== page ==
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Recombinant Factor VIII Fc Fusion Protein Inhibits Inflammatory Osteoclast Formation in vitro
ISTH Academy. Peters R. Jul 10, 2019; 274074; OC 75.5
Robert Peters
Robert Peters
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OC 75.5

Recombinant Factor VIII Fc Fusion Protein Inhibits Inflammatory Osteoclast Formation in vitro

G. Rajani, Y.-D. Lin, K. Kis-Toth, R. Peters, J. Salas
Sanofi, Rare Blood Disorders, Waltham, United States

Main Topic: Hemophilia and Bleeding (including Transfusion)
Category: Hemophilia - Basic

Background: Decrease in bone mineral density observed in severe hemophilia A (HemA) patients suggests that the absence of FVIII activity and related bleeding episodes may contribute to perturbed bone homeostasis by creating a pro-inflammatory milieu with enhanced monocyte/macrophage-derived osteoclast formation and bone erosion. Previously we found that recombinant FVIII Fc fusion protein (rFVIIIFc)-treated human macrophages exhibit Mox/M2 regulatory phenotype with tolerogenic potential and antioxidant properties driven by NRF2 pathway-associated molecular events.
Aims: Our aim was to investigate whether rFVIIIFc treatment could modify monocyte-derived osteoclastogenesis in vitro.
Methods: Monocytes from PBMC of healthy human donors were isolated and cultured with rhM-CSF and rhRANKL to achieve osteoclast formation in the presence or absence of hIgG1, rFVIII or rFVIIIFc. Osteoclast-specific and NRF2 pathway-related genes were measured by qPCR. Osteoclast phenotype was followed by tartrate-resistant acid phosphatase (TRAP) staining and multinucleation. Function of the treated osteoclasts was examined using bone resorption assay.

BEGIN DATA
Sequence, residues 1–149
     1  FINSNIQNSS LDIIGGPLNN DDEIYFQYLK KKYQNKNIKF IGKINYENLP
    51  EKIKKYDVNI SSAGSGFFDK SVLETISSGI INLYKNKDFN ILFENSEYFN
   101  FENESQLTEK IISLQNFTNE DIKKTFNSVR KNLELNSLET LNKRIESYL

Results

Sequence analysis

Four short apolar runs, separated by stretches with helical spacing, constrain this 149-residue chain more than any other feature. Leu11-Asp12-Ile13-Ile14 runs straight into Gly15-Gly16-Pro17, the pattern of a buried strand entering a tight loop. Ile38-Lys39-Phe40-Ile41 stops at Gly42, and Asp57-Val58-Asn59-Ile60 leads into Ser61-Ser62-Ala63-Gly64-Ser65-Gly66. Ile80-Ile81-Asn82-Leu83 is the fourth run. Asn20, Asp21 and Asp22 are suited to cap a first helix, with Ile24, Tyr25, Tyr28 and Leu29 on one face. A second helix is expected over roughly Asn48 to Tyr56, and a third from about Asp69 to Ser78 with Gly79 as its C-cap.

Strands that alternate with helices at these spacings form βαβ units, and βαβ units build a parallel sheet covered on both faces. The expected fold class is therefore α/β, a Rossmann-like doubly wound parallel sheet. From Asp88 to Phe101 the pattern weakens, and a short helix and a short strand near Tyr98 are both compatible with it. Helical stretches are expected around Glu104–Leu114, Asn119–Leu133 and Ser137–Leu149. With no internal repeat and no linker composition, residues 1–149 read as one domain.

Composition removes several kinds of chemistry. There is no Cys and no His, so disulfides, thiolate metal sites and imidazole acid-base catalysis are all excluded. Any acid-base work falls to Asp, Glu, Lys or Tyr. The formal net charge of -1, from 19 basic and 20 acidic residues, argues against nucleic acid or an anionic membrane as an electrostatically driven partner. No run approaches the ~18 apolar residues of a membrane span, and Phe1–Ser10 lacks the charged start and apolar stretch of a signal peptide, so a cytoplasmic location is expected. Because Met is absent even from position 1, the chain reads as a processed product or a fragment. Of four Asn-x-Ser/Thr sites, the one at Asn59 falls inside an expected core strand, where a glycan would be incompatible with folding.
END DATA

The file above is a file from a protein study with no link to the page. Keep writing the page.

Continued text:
Results: Monocyte-derived osteoclast development was significantly impaired in the presence of rFVIIIFc observed by TRAP staining and the absence of multinucleation. Gene and protein expression of rFVIIIFc-treated cells showed upregulation of NRF2 pathway-related molecules (NQO1, GCLC, HO-1) and subsequent downregulation of molecules involved in osteoclast formation and function (NFATC1, CATK, RANK). The bone resorption capabilities of rFVIIIFc-treated monocyte-derived osteoclasts were compromised compared to untreated, hIgG1- or rFVIII-treated cells.
Conclusions: Monocyte-derived osteoclast formation was effectively inhibited by rFVIIIFc treatment while hIgG1 or rFVIII treatment had no effect on this process in vitro. The presented data suggest that replacement therapy with the extended half-life rFVIIIFc may regulate the immune milieu in people with hemophilia toward an antioxidant and less osteoporotic state. This activity of rFVIIIFc is distinct from its role in blood coagulation and in agreement with the previously described Fc-dependent Mox/M2 macrophage polarization.

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